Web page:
June 3, 2021 by David Gambrill
A B.C. homeowner who is listed along with a second person on his home insurance policy has lost his bid to have Intact issue him a payment directly for his own personal items damaged in a flood, instead of issuing a co-payment to both people listed on the policy.
Gary Buchanan jointly held a personal property insurance policy with a person identified only as “HL” in a recent decision by the B.C. Civil Rules Tribunal. HL was not a party to the dispute.
At some point in 2020, Buchanan and HL made an insurance claim with Intact after a flood damaged their home. Part of the insurance claim was for damage to Buchanan’s personal property. He claimed $3,065 for the replacement cost of a damaged phone, video camera, and three memory cards for the video camera.
In January 2021, Intact mailed a co-payable cheque to Buchanan and HL at their shared home address, and HL cashed it. The tribunal assumed the cheque was for a settlement amount of $1,763.77, as indicated in a November 2020 email from Intact to Buchanon.
Buchanan insisted that the payment be made in his name only, for the value of $3,065.
For its part, Intact said it was a clear term of Buchanan’s policy that when paying out a claim it will issue a co-payable cheque to both policyholders. The insurer added that under no circumstances is an Intact insurance adjuster allowed to issue a cheque to only one of two policyholders. The insurer denied that it owed Buchanon any more for the claim than the settlement amount of $1,763, which it paid.
Buchanon said Intact never proved that it had such a policy regarding [co-payment]. Even if it did have such a policy, he argued, Intact did not follow it. In support of his position, he claimed that Intact issued a cheque solely to HL for out-of-pocket flooring installation expenses related to the insurance claim.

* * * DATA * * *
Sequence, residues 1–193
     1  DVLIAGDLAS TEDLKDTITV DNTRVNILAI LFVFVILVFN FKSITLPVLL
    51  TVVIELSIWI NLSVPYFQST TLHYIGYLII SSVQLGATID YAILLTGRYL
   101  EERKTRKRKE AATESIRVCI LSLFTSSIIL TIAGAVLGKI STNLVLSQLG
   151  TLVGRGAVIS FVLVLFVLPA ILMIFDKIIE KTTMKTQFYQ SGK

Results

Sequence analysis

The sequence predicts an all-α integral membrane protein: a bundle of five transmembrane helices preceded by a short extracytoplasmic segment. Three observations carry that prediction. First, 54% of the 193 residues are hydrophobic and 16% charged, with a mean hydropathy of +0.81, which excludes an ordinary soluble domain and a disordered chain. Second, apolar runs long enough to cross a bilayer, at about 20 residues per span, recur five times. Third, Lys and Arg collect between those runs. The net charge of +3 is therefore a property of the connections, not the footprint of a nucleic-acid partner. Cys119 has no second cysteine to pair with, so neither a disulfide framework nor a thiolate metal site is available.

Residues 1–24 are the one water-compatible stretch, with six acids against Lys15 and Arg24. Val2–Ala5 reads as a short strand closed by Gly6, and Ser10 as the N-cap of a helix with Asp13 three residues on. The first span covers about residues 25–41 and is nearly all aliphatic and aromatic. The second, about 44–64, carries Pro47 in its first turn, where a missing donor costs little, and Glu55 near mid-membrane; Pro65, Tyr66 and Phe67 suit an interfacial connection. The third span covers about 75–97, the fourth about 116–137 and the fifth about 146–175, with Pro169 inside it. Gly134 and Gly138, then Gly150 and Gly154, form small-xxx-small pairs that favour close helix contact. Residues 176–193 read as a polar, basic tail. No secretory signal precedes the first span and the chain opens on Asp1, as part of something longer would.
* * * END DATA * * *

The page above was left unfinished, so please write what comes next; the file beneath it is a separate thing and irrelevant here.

However, the emails Buchanon submitted as evidence showed only that a restoration contractor agreed to directly reimburse HL, the tribunal found. “There is no evidence the contractor actually reimbursed HL, or that Intact agreed to the arrangement,” CRT Member Sarah Orr wrote in a decision released Wednesday.
Orr found that it ultimately didn’t matter whether or not Intact furnished its co-payment policy.
“I agree that Intact provided no documentary evidence of its co-payment policy, and I find the emails from [an Intact representative] in evidence indicate that they were willing to pay Mr. Buchanan directly for the value of his personal property claim,” Orr wrote in her decision.
“However, I find nothing turns on this [co-payment] policy because Mr. Buchanan has not established that he is entitled to payment from Intact. He says [the Intact representative] failed to follow through on their promise that Intact would pay him directly for his claim by e-transfer. However, I find [the Intact representative’s] statement about direct payment to Mr. Buchanan was conditional on receiving HL’s agreement, and there is no evidence before me that HL agreed to the proposed arrangement.”
Feature image courtesy of iStock.com/monkeybusinessimages